10. The transformer according to claim 8 or 9, characterized in that said turns of the first winding are divided into at least one first set and at least one second set of turns, respectively constituted by a first series of said loops and a second series of said loops, the two sets of turns being at a distance apart from one another and being connected by an intermediate portion of said laminar conductor, said at least one second winding being inserted between said first set of turns and said second set of turns.

11. The transformer according to one or more of claims 8 to 10, characterized in that said first and second series of loops of the laminar conductor forming the first winding each comprise a partial loop having a smaller development than the other loops of the respective series, the two partial loops being contiguous and there being set, between them, said intermediate portion of the laminar conductor.

12. The transformer according to claim 1, characterized in that, when disposed in a plane, said first and second series of turns extend according to two orientations that are mutually orthogonal.

Description:

APPLICATION FOR UNITED STATES LETTERS PATENT

[0001] This application claims benefit under 35 U.S.C. 119 (a) of co-pending European Application Serial No. 01830419.6 filed Jun. 21, 2001, in the European Patent Office, entitled “Circular-development planar windings and inductive component made with one or more of said windings” which is hereby incorporated by reference.

[0002] The present invention relates to a planar winding, i.e., a winding made with a laminar metal conductor.

[0003] Windings of the above type are commonly used in the electronics sector for making inductance coils or other inductive components, for instance transformers, and replace traditional windings made with circular-section metal wires. The aforesaid windings and the corresponding components made therewith present a series of advantages, such as the small size and an improved heat exchange, which facilitates the dissipation of the heat generated by the Joule effect within the component.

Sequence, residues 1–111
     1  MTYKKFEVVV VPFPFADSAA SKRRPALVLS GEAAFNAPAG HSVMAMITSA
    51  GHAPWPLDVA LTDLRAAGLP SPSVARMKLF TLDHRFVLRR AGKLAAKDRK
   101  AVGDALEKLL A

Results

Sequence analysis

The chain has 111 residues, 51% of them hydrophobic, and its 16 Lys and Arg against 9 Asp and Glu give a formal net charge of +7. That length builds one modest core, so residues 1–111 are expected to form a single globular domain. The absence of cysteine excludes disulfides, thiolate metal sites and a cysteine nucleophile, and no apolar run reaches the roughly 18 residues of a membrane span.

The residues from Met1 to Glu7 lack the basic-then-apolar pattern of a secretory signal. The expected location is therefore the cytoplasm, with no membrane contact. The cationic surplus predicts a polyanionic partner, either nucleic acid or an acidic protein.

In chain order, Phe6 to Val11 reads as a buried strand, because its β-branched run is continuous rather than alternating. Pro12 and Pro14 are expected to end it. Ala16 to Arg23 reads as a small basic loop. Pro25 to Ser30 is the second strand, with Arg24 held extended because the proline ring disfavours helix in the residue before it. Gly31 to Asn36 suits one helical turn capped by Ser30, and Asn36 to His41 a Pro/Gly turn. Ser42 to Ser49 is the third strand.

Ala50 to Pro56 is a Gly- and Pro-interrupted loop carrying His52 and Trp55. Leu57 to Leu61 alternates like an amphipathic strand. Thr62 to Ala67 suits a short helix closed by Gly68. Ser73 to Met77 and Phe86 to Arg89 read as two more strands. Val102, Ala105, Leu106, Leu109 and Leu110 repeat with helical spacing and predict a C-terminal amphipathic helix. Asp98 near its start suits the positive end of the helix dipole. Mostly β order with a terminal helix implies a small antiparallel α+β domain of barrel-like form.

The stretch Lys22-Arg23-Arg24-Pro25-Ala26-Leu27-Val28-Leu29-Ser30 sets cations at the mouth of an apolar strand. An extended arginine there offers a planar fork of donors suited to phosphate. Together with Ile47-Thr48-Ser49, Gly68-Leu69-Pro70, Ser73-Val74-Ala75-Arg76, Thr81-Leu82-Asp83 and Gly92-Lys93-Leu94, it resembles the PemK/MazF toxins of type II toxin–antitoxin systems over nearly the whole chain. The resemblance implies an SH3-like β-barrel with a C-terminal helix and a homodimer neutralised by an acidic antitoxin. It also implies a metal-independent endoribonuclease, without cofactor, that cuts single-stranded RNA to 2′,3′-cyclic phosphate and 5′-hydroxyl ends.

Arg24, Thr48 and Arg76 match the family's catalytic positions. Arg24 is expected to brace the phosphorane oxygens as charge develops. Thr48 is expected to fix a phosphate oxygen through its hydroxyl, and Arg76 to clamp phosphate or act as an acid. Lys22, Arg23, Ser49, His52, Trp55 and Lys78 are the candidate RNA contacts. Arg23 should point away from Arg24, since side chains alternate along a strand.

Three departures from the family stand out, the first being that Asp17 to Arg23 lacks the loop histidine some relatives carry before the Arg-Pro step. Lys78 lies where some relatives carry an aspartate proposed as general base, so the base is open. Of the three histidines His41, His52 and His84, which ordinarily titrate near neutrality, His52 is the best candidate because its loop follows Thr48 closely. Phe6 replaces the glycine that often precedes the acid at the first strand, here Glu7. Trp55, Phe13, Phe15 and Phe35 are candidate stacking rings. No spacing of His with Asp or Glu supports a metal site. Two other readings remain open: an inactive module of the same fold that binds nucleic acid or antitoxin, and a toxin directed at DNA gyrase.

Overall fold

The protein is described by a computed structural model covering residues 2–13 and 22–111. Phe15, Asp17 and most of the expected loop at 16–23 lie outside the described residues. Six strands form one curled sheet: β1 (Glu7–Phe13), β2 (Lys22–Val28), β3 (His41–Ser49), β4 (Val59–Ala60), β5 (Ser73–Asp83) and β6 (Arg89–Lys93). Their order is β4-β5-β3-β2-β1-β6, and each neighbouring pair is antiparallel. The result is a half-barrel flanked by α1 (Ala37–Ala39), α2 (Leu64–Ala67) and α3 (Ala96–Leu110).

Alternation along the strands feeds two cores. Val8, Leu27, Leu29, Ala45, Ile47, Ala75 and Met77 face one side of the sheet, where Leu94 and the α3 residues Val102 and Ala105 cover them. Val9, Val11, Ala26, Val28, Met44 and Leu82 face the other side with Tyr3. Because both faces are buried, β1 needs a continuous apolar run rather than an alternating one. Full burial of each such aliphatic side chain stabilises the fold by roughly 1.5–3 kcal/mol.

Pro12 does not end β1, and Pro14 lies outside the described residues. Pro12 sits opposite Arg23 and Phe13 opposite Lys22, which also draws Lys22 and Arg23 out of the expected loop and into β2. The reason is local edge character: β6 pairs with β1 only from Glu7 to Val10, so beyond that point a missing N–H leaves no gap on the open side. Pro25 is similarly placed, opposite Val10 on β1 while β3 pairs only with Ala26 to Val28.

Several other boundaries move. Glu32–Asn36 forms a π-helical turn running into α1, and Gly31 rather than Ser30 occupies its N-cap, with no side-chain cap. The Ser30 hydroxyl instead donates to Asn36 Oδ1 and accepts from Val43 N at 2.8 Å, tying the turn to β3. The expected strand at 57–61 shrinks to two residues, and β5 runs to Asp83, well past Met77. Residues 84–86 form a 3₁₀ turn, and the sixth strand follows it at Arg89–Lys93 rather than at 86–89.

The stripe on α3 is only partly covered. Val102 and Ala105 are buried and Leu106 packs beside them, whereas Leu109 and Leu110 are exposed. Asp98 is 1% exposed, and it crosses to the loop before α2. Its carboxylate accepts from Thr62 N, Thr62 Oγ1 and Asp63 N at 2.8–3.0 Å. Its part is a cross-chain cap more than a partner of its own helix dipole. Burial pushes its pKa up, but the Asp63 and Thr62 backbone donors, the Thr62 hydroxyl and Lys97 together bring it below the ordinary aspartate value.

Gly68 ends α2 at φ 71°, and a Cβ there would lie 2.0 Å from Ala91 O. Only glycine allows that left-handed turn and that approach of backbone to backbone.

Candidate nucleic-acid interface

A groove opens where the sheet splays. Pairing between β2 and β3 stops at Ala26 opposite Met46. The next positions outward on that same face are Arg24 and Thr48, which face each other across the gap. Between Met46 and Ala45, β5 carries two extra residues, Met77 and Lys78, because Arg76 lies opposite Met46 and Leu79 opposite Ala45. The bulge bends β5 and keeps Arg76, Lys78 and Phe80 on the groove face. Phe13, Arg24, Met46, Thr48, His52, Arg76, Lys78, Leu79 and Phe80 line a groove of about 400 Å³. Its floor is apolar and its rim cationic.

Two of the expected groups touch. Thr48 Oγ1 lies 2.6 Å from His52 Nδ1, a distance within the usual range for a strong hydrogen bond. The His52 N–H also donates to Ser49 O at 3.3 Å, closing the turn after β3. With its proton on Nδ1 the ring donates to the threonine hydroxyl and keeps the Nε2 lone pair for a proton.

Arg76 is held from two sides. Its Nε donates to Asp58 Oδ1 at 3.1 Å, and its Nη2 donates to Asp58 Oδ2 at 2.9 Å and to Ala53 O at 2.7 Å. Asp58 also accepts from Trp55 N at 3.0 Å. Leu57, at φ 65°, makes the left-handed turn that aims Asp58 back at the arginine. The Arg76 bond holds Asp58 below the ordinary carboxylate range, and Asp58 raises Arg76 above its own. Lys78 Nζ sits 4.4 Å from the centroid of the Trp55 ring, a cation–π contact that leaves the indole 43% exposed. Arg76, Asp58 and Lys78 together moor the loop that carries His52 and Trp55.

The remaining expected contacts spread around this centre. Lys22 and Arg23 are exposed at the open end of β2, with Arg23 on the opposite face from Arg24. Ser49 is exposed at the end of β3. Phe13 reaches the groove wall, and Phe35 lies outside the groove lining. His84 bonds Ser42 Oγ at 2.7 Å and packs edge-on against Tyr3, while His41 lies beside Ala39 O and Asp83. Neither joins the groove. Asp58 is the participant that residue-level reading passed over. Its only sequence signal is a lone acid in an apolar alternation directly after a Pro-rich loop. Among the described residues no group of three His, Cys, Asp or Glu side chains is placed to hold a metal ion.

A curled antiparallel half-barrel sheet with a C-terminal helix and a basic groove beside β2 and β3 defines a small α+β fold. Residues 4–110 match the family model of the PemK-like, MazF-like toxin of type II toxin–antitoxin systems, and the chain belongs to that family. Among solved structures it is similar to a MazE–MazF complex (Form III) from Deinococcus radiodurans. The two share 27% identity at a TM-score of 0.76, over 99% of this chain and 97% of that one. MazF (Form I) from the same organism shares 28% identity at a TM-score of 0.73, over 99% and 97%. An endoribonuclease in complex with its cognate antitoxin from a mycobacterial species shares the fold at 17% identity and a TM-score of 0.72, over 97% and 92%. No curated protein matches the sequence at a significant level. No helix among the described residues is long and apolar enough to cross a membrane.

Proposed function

[0004] From U.S. Pat. No. 4,959,630 and U.S. Pat. No. 5,017,902, planar transformers are known which use windings of this type and which comprise a primary winding with turns formed by a continuous laminar conductor that presents, when disposed in a plane (i.e., prior to bending to form the winding), a serpentine pattern. The secondary winding is made up of a series of lengths of laminar conductor, each of which forms a pair of turns of the secondary winding. These transformers are complex to assemble and are cumbersome. The turns of the primary and secondary windings are interleaved, and their shape is such that, when bent, the overall dimensions of the turns are relatively extensive and irregular.

[0005] From U.S. Pat. No. 5,010,314 a planar transformer is known which is made up of a primary winding and a secondary winding, which are both formed by turns made of sheets of conductive material. The various turns are made starting from separate sheets, and thus must subsequently be soldered together or, in any case, connected electrically to obtain continuous windings. The manufacture of these transformers is complex and costly.

[0006] The object of the present invention is to provide a planar winding, i.e., one made from a laminar conductor, which is easy to produce and which has small overall dimensions and is regular in order to facilitate its insertion into an inductive component, such as a transformer.